The government has “heavily censored” a secret report on the fracking industry, released by court order after years of trying to keep it hidden from the public.
Whitehall initially refused to reveal the 2016 report when it came to light in January 2018 because “it could call into question the industry’s viability”, kick-starting a 22-month freedom of information (FoI) battle with Greenpeace.
After ignoring an information tribunal’s order in October to release the documents, the Cabinet Office finally complied on Monday – with 37 of the report’s 48 pages completely redacted behind a “black wall” of ink.
The uncensored passages that remain reveal the government had identified public opposition to fracking as the industry’s main barrier to progress, and decided to develop a ”pro-shale narrative”, with plans to incorporate energy companies’ own messaging into the government’s “longer-term national communications efforts”.
It also showed that in response to operators’ concerns, Whitehall was deliberating over ways in which planning and public consultation processes could be made faster and “more predictable”.
Suggestions included “reducing resources [for local authorities] invested to request additional information from industry” and seeking advice on whether they can “time-out” legally required consultees who are late in submitting input.
Shadow cabinet office minister Jon Trickett said: “This report clearly shows that the Tories have bent over backwards to serve the interests of big business, especially the oil and gas industry.
“The Conservatives have taken money from oil executives, trashed the rights of communities and enabled fracking companies to threaten their local environment.
“The fact they have tried to cover this up by redacting pages of critical information – like with their talks with the US over selling off parts of our NHS – further illustrates this government’s contempt for the public.”
In October, the government issued a moratorium on fracking after the UK’s only site, Cuadrilla’s Preston New Road well in Lancashire, was blamed for a series of earthquakes.
But campaigners are worried the temporary ban may be lifted again if the Tories win the forthcoming election, with Jeremy Corbyn branding it an “election stunt”.
Business secretary Andrea Leadsom admitted the failure was a “disappointment” and still contended shale gas remained something the UK “will need for the next several decades”. She said the ban would remain in effect until “new compelling evidence is provided”.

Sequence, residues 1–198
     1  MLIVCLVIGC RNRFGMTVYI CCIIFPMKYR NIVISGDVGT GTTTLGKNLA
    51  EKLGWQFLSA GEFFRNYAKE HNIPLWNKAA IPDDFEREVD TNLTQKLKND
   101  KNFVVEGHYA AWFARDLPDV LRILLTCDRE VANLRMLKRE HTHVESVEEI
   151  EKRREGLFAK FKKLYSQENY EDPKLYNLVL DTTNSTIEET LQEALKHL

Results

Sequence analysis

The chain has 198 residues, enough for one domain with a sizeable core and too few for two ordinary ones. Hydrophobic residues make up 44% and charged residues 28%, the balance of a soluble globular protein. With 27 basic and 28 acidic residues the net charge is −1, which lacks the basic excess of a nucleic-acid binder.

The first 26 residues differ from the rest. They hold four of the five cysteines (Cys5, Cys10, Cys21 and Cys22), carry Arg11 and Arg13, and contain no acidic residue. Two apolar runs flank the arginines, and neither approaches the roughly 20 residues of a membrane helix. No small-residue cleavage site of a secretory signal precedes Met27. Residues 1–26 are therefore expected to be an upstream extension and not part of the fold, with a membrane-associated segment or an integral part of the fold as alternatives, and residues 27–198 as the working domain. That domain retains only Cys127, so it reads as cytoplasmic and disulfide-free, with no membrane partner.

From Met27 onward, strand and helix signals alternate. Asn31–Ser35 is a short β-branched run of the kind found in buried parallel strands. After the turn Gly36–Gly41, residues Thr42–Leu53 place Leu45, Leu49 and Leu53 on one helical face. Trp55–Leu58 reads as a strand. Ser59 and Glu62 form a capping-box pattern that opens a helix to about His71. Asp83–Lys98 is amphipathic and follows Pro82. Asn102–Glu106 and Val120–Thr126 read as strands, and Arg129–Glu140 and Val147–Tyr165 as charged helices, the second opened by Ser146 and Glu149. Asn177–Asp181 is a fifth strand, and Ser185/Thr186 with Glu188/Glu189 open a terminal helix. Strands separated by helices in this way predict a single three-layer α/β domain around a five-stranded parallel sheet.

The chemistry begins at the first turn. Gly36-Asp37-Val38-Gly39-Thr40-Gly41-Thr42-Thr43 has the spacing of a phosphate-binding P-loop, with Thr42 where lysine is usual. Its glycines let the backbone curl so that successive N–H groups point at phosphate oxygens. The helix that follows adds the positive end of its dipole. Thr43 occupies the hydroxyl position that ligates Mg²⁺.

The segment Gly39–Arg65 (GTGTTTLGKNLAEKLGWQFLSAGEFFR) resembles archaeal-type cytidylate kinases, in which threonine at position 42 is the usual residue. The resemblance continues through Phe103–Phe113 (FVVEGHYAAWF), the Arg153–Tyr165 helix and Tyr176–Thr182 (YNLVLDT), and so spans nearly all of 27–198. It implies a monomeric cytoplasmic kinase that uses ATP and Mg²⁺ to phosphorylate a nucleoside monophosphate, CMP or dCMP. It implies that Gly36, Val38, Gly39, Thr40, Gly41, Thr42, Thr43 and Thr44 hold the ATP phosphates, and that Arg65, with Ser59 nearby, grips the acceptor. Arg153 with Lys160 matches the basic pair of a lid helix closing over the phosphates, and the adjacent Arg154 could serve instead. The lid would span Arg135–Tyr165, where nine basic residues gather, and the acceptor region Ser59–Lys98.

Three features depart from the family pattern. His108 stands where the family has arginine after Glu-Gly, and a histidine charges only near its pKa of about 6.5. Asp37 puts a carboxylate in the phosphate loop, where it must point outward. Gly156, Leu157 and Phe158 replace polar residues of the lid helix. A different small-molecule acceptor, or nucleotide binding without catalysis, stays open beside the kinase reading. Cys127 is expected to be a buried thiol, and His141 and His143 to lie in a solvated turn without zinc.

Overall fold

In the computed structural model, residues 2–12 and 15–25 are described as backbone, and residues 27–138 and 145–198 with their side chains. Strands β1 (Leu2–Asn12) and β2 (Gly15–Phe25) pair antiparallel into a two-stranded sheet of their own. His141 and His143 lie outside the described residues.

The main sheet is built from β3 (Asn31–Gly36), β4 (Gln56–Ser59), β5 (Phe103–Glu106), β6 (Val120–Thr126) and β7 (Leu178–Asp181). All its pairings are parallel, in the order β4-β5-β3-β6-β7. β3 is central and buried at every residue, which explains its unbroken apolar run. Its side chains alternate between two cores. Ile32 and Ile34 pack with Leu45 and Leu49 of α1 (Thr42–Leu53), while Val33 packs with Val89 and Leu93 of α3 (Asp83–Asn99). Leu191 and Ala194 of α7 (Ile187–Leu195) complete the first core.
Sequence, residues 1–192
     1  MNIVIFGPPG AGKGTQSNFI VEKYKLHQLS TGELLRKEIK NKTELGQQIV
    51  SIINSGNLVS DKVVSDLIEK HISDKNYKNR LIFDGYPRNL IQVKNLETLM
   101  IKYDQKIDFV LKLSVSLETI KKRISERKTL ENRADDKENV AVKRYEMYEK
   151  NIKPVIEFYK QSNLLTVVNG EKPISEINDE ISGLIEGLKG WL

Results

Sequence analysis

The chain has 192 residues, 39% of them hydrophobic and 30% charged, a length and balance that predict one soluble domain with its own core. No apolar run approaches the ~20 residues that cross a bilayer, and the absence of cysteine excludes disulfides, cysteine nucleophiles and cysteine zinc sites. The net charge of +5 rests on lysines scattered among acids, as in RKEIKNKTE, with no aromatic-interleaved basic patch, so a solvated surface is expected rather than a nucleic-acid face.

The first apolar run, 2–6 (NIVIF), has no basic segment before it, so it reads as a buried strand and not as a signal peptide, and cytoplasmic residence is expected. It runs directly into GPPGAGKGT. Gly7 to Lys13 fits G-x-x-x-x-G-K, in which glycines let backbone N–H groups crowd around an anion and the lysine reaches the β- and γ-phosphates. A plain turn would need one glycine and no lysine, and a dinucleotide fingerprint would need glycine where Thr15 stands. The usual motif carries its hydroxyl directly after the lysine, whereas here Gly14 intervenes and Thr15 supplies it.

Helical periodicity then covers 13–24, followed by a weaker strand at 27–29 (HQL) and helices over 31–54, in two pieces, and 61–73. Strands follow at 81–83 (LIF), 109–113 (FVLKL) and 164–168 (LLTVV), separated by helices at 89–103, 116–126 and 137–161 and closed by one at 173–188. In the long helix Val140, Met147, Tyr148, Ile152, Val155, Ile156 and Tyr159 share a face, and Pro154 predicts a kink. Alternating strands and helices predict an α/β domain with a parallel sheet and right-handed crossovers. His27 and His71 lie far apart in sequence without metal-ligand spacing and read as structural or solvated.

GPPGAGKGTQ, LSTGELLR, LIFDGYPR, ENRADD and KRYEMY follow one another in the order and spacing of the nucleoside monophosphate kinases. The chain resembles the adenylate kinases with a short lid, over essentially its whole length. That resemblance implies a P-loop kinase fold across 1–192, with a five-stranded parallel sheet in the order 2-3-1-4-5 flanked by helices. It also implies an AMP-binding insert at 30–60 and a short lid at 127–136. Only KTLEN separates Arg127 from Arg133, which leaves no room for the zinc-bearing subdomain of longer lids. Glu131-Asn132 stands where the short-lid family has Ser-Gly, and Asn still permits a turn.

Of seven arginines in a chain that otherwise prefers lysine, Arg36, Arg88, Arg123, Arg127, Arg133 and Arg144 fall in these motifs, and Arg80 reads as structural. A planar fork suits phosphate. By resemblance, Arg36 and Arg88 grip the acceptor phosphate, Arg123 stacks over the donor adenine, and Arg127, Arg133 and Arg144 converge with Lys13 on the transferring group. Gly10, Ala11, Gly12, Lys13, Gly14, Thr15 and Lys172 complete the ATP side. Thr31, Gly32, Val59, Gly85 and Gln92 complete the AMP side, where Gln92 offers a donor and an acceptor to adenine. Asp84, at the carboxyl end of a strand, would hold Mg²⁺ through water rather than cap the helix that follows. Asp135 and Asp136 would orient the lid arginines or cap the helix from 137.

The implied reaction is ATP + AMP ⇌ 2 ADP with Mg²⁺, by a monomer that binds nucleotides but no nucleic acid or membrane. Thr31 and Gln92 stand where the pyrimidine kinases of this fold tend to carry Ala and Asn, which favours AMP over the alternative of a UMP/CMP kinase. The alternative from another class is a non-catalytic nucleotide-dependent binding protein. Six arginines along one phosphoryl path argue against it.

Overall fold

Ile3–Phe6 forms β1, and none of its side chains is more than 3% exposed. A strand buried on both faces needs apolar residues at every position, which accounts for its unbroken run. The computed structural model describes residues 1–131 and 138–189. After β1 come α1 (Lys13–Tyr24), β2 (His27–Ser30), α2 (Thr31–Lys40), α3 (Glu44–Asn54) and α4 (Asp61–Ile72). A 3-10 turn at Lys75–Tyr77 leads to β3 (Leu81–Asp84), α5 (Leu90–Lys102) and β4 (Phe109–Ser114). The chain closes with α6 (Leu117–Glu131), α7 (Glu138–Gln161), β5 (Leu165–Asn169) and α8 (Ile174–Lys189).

“It’s clear that previous Conservative administrations bent over backwards to help the fracking industry bulldoze its way into the British countryside,” said Greenpeace’s head of politics Rebecca Newsom.
“People would feel much more confident about the Conservatives' pledge on fracking if they used the overwhelming evidence of its unacceptable risks to people and our environment to introduce a permanent ban, and put this industry to bed once and for all.”
The redacted report was obtained by Unearthed, Greenpeace’s investigations team. Last year, it received a small portion of the report via FoI request which showed officials were privately sceptical of the forecasted scale of fracking’s success.
The newly released passages show how far the Cabinet Office was willing to go to make the industry a success.
It appears that rather than addressing public concerns about “local quality of life and safety, environmental protection [and the] crowding out of renewables”, the now defunct Department for Energy and Climate Change was “already undertaking crucial work on communications to increase public acceptability of shale” such as the “development of pro-shale national/regional narrative” and “shale champions”.
Another passage suggests that despite a lack of evidence for the safety of hydraulic fracturing, officials were concerning themselves with how to minimise planning regulations to alleviate the concerns of businesses.
The passage reads: “Current and future operators stress that they will only bring forward large sites if current long planning times and perceived uncertainty is reduced – ie unless this can be resolved, UK shale will not take off even if geology proven.”
Despite fracking being responsible for releasing vast amounts of methane - a key greenhouse gas - the government has long maintained that fracking can help the UK transition away carbon and reduce reliance on imports.
Ms Newsom added: “Looking at this black wall of redacted pages, people will be wondering why there’s so little the government is willing to reveal about fracking and so much it wants to hide.
“If ministers have really dropped their support for this polluting industry, why not publish this report in full and come clean about what’s been going on behind closed doors for years?”
Ken Cronin, chief executive of trade group UK Onshore Oil and Gas, said the report reveals "no new information of interest".
He said: "It is true that shale gas development in the UK has progressed at a steady pace, although this is commensurate with the exploratory and highly regulated nature of the industry.
“Since this report was [produced], the first hydraulic fracturing since 2011 has taken place, several sites have been constructed and tested across North Nottinghamshire and multiple planning applications have been submitted for further exploratory work across Derbyshire and Lancashire.
“As with any industry that involves development, our progress has been slowed by the local planning system. This is not a unique problem to shale within the energy sector. Onshore wind and solar have met with comparable delays where applications have been filed.”
The Conservative Party did not respond to a request for comment.
The report, which has been redacted on every page except the cover, can be viewed online.
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